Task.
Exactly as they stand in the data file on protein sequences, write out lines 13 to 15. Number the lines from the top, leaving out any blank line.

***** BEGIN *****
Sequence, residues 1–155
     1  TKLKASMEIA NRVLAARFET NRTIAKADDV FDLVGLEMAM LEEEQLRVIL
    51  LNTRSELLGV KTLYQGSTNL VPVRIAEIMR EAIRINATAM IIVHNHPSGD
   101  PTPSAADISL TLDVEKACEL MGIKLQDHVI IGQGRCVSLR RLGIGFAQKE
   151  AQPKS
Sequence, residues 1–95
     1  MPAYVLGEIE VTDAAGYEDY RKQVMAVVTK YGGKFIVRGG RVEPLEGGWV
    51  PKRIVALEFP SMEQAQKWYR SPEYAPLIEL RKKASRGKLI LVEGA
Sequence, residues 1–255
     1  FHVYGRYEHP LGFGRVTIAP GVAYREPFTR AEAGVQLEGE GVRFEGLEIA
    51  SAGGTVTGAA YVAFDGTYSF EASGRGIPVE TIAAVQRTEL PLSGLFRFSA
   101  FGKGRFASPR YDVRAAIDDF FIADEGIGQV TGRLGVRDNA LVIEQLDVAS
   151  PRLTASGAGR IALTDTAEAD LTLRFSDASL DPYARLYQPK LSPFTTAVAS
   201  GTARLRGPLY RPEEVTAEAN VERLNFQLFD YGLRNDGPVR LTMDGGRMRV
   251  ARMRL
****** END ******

   151  PRLTASGAGR IALTDTAEAD LTLRFSDASL DPYARLYQPK LSPFTTAVAS
   201  GTARLRGPLY RPEEVTAEAN VERLNFQLFD YGLRNDGPVR LTMDGGRMRV
   251  ARMRL